The phone rang, startling Megan out of her memories. She hurried to answer, hoping it wouldn’t waken the babies.


“Megan, it’s Mom. I’m so sorry, honey. I’m still at work.”

“What happened?” Disappointment struggled with concern. Was this some plot to keep her and Max from celebrating their anniversary? No, her parents had changed their feelings; they wouldn’t ruin this night. They knew how much Megan had been looking forward to it.

“It’s a long story. I can be ready to leave in about half an hour. If you’ll bring the children here, I can take them home. And you’ll only be a few minutes late starting your evening. Is that all right?”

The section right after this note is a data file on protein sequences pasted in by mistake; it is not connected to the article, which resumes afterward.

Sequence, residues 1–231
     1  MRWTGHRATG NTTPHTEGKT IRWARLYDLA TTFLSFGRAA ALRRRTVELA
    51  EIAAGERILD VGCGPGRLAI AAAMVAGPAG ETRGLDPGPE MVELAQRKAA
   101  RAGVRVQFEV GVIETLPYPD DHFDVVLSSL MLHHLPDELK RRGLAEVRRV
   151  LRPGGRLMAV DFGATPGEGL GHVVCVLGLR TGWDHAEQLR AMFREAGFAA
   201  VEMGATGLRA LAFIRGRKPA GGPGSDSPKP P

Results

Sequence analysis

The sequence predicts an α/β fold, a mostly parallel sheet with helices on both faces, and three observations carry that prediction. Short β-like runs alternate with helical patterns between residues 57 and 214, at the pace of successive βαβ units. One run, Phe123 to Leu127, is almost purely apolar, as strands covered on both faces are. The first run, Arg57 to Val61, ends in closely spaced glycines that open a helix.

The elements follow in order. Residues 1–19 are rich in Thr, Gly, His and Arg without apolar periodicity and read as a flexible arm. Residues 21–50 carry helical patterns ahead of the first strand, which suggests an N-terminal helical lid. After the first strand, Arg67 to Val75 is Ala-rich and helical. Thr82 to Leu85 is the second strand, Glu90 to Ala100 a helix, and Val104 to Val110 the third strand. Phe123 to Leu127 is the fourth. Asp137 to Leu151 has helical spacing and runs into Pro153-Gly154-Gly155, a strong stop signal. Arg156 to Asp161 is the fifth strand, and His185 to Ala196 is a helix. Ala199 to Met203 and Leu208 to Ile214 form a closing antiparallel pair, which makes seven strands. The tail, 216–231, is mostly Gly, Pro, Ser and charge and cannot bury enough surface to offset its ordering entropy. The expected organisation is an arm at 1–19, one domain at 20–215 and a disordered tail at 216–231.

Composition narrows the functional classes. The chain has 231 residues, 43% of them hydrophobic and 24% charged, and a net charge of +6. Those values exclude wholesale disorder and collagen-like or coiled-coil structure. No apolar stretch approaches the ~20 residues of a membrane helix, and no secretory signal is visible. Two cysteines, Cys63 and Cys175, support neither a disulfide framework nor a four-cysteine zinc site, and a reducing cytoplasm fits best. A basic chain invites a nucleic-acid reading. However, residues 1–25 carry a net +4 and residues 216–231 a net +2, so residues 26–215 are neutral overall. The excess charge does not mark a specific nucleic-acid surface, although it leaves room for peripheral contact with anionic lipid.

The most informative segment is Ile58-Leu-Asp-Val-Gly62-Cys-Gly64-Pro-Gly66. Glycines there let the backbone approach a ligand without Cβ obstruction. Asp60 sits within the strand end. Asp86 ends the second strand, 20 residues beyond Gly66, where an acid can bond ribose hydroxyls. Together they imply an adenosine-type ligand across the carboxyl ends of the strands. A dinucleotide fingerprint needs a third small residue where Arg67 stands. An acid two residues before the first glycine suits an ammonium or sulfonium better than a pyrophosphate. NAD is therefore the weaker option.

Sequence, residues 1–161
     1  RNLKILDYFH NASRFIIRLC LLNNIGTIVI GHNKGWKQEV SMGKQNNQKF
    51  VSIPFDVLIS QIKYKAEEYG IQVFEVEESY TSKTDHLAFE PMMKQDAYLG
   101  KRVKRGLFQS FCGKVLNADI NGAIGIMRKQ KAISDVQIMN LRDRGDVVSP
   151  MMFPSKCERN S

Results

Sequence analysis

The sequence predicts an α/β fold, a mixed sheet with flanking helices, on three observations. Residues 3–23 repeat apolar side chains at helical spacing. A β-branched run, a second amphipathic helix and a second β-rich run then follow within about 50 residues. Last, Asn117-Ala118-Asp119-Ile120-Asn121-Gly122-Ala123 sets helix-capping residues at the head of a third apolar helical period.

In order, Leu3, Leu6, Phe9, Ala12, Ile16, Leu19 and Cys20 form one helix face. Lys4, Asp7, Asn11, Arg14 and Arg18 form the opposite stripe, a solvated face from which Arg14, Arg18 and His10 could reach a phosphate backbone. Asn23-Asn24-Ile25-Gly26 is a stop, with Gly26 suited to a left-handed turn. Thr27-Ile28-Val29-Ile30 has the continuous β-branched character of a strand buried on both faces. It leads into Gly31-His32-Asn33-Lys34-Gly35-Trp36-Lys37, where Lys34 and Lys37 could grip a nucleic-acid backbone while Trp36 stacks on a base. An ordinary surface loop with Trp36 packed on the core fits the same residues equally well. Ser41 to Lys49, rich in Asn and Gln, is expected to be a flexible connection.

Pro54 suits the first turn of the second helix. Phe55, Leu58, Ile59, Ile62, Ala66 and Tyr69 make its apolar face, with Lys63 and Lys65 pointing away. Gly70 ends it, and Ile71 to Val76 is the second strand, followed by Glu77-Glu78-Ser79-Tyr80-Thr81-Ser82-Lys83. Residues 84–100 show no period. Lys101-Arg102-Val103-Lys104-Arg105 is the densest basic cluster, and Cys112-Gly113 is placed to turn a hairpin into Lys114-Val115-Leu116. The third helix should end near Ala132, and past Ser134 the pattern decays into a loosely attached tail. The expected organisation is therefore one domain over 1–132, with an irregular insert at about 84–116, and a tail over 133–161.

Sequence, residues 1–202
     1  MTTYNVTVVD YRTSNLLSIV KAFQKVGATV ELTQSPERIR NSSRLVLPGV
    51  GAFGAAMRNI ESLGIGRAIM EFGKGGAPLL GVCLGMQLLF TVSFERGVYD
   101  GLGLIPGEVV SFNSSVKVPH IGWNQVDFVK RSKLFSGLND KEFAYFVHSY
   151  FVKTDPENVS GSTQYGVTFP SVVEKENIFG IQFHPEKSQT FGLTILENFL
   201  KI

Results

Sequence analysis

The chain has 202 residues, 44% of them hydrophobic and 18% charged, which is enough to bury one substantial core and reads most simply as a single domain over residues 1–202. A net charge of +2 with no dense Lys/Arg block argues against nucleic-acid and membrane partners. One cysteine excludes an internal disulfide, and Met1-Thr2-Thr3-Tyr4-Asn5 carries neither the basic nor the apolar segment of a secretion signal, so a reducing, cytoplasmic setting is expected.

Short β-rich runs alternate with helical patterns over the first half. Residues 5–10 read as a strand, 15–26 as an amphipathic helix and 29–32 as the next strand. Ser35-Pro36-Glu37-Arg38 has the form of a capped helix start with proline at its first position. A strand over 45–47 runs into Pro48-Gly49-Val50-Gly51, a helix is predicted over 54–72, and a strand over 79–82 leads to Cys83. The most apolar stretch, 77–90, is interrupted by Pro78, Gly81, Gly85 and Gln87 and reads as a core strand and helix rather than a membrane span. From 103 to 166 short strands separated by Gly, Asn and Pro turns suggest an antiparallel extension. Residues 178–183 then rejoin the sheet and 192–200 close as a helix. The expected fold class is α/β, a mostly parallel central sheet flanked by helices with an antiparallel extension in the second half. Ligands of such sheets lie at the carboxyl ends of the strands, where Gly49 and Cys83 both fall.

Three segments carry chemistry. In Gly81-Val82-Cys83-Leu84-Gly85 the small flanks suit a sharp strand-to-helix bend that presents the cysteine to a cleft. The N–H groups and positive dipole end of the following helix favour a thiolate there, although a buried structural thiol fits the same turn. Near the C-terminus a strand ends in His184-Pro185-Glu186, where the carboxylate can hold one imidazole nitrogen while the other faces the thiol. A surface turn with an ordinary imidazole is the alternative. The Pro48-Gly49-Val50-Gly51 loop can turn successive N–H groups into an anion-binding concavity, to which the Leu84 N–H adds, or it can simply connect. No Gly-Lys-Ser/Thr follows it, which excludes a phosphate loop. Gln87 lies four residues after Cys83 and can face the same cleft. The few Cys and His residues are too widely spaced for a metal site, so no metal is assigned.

“Yes, of course.” Relief flooded Megan. Their night wouldn’t be cancelled after all. “I’ll be there in thirty minutes.” Her mother worked as a part-time secretary at the church Megan had attended since childhood. It wasn’t out of the way at all. She picked up the phone again and called Max to tell him about the change of plans.

“Sounds good,” he said. Nothing bothered Max, least of all last minute changes. “We’ll still have a wonderful night out, it’ll just start a few minutes later. Don’t worry and don’t rush. Just get here when you can.”

“See you soon.” Megan hurried back to her room and brushed her hair out again, deciding to leave it down.

When she pulled up in front of the church, she was surprised to see her friend Alison waiting at the curb.

“Hi. I was helping your mom in the office and she asked me to look for you. She’s inside. I’ll take the kids, you go on in.”

“But I need to move their car seats into her minivan.”